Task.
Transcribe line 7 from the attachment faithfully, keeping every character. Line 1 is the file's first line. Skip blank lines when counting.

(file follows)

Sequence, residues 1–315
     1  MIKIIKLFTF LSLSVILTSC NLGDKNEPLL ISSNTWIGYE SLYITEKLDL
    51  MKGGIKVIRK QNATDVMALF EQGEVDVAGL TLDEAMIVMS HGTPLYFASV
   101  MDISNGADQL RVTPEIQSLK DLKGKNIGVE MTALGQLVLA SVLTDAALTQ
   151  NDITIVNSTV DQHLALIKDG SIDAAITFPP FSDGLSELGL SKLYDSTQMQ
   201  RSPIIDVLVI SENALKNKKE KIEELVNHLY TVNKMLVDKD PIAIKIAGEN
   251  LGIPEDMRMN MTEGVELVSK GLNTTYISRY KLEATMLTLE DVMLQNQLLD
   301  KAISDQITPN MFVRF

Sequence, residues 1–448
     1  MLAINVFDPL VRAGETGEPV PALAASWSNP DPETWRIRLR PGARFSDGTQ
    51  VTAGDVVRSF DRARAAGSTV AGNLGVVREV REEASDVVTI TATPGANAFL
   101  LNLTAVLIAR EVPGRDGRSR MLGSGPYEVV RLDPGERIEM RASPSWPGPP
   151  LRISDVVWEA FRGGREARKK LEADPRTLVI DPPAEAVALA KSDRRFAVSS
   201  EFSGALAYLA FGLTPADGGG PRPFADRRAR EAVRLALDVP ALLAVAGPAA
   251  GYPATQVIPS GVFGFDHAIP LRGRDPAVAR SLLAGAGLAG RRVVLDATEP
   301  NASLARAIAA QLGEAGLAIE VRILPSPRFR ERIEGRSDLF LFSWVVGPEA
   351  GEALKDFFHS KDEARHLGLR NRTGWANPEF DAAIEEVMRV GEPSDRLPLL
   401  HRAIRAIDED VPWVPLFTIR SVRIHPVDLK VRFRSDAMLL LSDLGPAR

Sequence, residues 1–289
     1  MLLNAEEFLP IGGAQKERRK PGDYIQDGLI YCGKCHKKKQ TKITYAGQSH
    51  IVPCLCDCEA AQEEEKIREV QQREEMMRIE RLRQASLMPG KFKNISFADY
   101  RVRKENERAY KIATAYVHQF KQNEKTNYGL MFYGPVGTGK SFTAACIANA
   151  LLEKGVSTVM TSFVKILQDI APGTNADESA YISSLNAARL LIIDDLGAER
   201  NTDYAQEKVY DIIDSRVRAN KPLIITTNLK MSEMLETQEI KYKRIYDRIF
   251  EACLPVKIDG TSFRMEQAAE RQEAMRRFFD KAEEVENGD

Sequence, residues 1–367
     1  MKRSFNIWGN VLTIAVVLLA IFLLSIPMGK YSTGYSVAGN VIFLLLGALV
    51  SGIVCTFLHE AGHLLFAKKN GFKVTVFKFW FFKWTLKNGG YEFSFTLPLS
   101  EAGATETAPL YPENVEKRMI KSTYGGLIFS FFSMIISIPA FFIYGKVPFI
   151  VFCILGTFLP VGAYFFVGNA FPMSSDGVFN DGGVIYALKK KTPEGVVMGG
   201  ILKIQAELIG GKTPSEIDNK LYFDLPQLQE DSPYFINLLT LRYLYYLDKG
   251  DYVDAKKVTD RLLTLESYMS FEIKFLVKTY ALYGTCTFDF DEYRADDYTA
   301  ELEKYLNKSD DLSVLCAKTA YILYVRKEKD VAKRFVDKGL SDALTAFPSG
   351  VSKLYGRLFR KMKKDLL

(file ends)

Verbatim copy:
   251  LGIPEDMRMN MTEGVELVSK GLNTTYISRY KLEATMLTLE DVMLQNQLLD